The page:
Lastly, in Romans 10:3, the righteousness of God is thus opposed to the righteousness of man, “they being ignorant of God‘s righteousness, and going about to establish their own righteousness, have not submitted themselves to the righteousness of God.” Now what is that righteousness which natural people seek to establish, and which is especially called “their own?” Doubtless it is a righteousness founded on their own works, and therefore what is here properly opposed to it is a righteousness founded on the “work of God. See Haldane, Hodge, Scott, Guyse, etc.” This meaning of the term furnishes a key to unlock “all” the passages in which it is used in connection with the sinner‘s justification, whereas any other sense, however it may suit a few places, will be found generally inapplicable.)

    In regard to this plan it may be observed;

    (1)That it is not to declare that people are innocent and pure. That would not be true. The truth is just the reverse; and God does not esteem men to be different from what they are.

    (2)it is not to take part with the sinner, and to mitigate his offences. It admits them to their full extent; and makes him feel them also.

    (3)it is not that we become partakers of the essential righteousness of God. That is impossible.

    (4)it is not that his righteousness becomes ours. This is not true; and there is no intelligible sense in which that can be understood.

    (It is true indeed that the righteousness of Christ cannot be called ours in the sense of our having actually accomplished it in our own persons. This is a view of imputation easily held up to ridicule, yet there is a sense in which the righteousness of Christ may be ours. Though we have not achieved it, yet it may be so placed to our account that we shall be held righteous, and treated as such. I have said, first, we shall be held righteous, and then treated as such; for God treats none as righteous who in some sense or other are not really so. See the note at Romans 4:3.)

    But it is God‘s plan for pardoning sin, and for treating us as if we had not committed it; that is, adopting us as his children, and admitting us to heaven on the ground of what the Lord Jesus has done in our stead. This is God‘s plan. People seek to save themselves by their own works. God‘s plan is to save them by the merits of Jesus Christ.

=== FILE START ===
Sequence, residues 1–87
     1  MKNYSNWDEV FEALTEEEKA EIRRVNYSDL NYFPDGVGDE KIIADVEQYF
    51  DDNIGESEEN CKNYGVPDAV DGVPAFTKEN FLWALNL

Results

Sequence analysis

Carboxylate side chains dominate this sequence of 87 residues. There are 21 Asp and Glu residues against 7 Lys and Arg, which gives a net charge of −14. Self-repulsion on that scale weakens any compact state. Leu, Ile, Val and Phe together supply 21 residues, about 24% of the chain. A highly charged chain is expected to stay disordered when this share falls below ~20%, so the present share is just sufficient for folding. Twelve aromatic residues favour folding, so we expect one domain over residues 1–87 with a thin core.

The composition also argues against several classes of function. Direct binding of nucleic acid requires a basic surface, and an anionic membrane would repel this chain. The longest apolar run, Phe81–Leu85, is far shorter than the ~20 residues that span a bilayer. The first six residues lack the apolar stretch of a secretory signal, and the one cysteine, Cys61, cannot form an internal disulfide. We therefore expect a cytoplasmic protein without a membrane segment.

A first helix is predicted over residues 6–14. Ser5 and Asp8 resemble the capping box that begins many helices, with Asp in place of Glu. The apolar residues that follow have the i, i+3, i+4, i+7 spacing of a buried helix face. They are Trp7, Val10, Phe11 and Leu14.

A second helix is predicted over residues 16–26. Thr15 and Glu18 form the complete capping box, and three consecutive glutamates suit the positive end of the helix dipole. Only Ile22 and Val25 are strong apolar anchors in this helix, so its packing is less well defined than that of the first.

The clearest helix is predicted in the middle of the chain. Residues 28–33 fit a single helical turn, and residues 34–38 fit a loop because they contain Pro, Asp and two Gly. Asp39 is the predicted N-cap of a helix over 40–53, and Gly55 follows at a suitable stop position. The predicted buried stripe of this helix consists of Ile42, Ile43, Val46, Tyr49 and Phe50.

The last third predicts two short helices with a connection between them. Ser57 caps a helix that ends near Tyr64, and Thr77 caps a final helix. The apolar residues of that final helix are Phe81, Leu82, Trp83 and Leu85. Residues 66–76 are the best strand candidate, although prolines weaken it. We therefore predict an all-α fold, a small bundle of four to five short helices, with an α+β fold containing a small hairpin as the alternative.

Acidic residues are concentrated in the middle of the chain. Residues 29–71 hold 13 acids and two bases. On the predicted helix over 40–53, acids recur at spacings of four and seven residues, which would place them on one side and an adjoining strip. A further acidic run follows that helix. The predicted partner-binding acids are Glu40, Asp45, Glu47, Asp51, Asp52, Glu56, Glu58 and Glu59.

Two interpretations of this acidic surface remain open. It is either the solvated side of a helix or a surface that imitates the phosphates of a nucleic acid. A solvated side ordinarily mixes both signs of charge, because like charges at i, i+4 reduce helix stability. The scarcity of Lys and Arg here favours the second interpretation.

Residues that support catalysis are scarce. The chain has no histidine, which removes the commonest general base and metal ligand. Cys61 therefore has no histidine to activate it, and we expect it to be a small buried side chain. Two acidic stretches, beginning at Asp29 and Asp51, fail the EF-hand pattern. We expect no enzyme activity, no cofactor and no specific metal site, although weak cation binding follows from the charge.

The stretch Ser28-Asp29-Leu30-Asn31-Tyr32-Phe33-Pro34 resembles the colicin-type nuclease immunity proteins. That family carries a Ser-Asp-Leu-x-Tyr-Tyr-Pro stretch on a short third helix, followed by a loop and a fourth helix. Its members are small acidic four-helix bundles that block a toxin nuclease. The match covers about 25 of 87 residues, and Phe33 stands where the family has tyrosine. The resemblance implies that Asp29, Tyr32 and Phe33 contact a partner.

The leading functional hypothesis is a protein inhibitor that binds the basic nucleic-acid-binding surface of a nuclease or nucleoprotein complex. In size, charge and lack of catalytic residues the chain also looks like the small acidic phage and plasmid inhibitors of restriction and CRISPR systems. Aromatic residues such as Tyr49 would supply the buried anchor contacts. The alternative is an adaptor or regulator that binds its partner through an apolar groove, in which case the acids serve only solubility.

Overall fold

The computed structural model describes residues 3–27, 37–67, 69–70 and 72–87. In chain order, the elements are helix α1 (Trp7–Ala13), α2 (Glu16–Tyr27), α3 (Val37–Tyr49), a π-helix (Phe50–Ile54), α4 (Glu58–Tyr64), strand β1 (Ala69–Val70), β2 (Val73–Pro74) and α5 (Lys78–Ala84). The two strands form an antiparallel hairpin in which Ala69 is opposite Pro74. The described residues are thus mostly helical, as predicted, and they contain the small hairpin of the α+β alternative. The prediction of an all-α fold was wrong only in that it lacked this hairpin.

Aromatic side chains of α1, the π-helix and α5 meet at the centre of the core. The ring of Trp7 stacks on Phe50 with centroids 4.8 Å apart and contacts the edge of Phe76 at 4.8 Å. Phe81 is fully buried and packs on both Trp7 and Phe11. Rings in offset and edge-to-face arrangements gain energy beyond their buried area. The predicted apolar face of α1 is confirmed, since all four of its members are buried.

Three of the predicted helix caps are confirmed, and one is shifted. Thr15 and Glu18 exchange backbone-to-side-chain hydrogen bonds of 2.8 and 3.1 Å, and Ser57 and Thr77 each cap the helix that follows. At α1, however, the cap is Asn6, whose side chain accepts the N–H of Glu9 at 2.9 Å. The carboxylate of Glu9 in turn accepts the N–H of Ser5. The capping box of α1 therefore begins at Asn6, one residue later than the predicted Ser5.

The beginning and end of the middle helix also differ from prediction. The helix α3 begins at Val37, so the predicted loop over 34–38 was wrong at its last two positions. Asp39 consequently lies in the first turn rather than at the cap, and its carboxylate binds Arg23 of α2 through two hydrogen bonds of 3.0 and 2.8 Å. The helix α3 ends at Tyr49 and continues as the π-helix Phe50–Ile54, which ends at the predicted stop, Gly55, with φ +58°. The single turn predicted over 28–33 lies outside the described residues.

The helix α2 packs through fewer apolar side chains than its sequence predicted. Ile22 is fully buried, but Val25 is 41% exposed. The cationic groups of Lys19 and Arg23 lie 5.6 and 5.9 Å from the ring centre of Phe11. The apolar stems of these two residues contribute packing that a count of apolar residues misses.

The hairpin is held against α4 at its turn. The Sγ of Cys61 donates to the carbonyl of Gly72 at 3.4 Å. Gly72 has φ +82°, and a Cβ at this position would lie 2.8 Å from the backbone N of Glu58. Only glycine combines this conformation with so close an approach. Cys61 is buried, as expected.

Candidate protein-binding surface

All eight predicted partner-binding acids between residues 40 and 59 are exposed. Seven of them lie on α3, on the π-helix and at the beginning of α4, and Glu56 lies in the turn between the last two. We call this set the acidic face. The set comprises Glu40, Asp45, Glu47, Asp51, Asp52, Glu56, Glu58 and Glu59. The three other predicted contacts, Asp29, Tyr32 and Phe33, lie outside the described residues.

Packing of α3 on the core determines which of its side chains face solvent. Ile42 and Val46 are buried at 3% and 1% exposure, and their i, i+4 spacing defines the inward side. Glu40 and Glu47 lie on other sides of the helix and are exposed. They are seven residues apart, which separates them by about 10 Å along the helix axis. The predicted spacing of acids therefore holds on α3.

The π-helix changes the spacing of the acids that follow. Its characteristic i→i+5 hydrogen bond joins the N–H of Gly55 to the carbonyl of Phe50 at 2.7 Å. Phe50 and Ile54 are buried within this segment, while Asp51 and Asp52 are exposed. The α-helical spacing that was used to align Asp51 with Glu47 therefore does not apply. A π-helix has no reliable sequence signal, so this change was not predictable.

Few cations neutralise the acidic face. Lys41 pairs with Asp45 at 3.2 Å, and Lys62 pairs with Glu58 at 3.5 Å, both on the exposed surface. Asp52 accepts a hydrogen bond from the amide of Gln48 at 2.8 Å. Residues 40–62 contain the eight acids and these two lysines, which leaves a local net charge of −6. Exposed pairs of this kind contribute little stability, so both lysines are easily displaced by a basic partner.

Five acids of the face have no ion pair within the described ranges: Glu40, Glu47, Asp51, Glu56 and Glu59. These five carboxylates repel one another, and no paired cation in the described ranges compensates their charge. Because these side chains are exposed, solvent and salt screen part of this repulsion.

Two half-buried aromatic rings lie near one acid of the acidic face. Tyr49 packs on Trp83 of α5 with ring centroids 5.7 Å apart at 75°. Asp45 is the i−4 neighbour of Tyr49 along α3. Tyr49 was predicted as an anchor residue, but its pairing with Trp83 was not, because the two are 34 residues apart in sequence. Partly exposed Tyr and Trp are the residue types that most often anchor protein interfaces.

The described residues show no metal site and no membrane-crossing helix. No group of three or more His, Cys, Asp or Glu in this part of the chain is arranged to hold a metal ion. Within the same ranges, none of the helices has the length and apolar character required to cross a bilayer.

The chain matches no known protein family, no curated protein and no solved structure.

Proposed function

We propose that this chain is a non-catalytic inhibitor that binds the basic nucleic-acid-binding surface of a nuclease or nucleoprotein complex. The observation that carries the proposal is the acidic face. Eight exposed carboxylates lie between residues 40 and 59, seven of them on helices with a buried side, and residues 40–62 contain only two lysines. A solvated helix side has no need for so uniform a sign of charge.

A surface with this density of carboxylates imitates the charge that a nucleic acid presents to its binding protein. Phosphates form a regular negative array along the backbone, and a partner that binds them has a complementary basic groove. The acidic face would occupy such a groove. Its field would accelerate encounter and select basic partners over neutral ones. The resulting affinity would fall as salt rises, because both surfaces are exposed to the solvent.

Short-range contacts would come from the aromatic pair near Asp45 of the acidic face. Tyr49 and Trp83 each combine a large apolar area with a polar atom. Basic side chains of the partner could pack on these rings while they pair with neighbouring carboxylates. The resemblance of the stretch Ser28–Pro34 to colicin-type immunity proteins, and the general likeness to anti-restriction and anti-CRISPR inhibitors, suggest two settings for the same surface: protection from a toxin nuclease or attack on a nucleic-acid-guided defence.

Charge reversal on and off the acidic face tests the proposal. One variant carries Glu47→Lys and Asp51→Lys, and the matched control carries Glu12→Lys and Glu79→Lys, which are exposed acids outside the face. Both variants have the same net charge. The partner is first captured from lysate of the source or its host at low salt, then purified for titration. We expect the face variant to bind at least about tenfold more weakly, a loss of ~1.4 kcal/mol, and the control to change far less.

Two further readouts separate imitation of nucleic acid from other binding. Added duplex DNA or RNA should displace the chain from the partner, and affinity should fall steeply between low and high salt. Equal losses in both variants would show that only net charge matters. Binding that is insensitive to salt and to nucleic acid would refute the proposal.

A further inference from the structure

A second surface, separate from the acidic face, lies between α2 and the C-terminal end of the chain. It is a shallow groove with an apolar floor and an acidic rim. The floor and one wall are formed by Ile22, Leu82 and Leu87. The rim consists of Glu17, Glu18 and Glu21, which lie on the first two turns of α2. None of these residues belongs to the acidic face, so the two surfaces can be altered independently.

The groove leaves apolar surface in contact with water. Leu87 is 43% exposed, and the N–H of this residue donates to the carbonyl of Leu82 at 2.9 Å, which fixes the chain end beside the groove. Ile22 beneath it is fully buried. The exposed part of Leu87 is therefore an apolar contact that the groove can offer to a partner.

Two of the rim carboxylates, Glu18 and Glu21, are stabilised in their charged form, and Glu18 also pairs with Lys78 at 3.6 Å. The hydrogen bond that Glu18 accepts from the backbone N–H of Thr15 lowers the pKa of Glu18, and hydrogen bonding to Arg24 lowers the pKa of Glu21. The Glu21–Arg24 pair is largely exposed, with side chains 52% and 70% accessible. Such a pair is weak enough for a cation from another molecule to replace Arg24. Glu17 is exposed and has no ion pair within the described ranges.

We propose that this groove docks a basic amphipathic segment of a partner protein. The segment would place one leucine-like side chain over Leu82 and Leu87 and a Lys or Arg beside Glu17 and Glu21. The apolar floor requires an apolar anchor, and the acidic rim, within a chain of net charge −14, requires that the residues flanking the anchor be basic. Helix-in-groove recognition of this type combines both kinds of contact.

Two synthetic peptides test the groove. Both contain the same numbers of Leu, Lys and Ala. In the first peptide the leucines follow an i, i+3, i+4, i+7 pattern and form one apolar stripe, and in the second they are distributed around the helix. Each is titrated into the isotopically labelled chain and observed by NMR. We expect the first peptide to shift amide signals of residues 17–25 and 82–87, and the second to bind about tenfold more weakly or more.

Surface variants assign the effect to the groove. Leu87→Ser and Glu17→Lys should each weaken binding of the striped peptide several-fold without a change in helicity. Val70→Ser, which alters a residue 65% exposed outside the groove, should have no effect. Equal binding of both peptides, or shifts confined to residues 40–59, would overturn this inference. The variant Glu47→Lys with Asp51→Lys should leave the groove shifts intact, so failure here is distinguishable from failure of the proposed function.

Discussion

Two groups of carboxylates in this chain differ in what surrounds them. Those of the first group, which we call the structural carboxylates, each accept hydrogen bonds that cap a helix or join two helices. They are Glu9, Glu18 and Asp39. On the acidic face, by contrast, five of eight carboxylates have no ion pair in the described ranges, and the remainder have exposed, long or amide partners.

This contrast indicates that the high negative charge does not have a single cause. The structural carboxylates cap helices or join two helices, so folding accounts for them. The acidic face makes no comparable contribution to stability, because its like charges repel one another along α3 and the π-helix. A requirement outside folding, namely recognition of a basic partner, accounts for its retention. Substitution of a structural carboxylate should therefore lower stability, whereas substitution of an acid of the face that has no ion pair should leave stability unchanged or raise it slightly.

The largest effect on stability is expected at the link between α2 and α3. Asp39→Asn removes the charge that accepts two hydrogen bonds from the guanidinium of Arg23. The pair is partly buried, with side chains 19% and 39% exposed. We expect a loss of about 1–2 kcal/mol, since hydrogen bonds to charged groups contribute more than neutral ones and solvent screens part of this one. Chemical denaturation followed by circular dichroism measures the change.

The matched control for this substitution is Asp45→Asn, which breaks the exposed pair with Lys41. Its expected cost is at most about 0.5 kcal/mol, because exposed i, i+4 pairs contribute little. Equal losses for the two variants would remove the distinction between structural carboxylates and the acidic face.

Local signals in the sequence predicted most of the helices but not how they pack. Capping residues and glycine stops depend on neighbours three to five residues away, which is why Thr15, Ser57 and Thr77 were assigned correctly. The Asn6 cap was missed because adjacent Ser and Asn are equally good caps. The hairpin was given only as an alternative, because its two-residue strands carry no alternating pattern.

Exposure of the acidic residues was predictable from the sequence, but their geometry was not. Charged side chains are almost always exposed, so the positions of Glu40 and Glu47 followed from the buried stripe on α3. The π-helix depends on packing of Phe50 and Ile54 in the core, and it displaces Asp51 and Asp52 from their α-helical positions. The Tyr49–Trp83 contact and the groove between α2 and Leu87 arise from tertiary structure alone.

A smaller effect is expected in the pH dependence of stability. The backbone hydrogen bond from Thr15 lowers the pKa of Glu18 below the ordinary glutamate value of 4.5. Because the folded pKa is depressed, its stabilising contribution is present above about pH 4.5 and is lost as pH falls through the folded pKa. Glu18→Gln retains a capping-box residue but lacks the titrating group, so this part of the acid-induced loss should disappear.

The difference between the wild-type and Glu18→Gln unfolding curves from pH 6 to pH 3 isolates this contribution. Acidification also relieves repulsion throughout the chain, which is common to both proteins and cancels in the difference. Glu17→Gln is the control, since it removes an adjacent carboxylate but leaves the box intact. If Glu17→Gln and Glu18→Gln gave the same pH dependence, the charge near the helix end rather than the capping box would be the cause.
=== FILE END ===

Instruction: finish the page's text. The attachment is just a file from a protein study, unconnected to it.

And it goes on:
Revealed - Made known, and communicated. The gospel states the fact that God has such a plan of justification; and shows the way or manner in which it might be done. The fact seems to have been understood by Abraham, and the patriarchs Romans 3:22, Romans 3:30; Romans 9:30; Romans 9:32; Romans 10:6, etc.

    (5) the passage which he immediately quotes shows that he did not speak of different degrees of faith, but of the doctrine that people are to be justified by faith.

    To faith - Unto those who believe (compare Romans 3:22); or to everyone that believeth, Romans 1:16. The abstract is here put for the concrete. It is designed to express the idea, “that God‘s plan of justifying people is revealed in the gospel, which plan is by faith, and the benefits of which plan shall be extended to all that have faith, or that believe.”

    As it is written - See Habakkuk 2:4.

    The just shall live by faith - The Septuagint translate the passage in Habakkuk, ‹If any man shall draw back, my soul shall have no pleasure in him, but the just by my faith,” or by faith in me, “shall live.” The very words are used by them which are employed by the apostle, except they add the word “my,” μοῦ moumy faith. The Syriac renders it in a similar manner, “The just by faith shall live.” The meaning of the Hebrew in Habakkuk is the same. It does not refer originally to the doctrine of justification by faith; but its meaning is this, “The just man, or the righteous man, shall live by his confidence in God.” The prophet is speaking of the woes attending the Babylonish captivity. The Chaldeans were to come upon the land and destroy it, and remove the nation, Romans 1:6-10. But this was not to be perpetual. It should have an end Romans 2:3, and they who had confidence in God should live Romans 1:4; that is, should be restored to their country, should be blessed and made happy. Their confidence in God should sustain them, and preserve them. This did not refer primarily to the doctrine of justification by faith, nor did the apostle so quote it, but it expressed a general principle that those who had confidence in God should be happy, and be preserved and blessed. This would express the doctrine which Paul was defending. It was not by relying on his own merit that the Israelite would be delivered, but it was by confidence in God, by his strength and mercy. On the same principle would men be saved under the gospel. It was not by reliance on their own works or merit; it was by confidence in God, by faith, that they were to live.